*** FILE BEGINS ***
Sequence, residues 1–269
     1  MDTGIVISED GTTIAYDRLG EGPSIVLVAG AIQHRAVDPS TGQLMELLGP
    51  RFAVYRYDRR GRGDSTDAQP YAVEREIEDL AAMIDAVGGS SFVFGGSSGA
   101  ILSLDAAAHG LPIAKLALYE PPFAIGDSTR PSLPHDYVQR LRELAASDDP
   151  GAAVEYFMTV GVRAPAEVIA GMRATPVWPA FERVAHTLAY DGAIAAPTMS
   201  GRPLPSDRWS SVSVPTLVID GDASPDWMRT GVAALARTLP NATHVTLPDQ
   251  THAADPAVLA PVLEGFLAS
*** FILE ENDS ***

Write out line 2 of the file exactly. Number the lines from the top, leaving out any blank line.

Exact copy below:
     1  MDTGIVISED GTTIAYDRLG EGPSIVLVAG AIQHRAVDPS TGQLMELLGP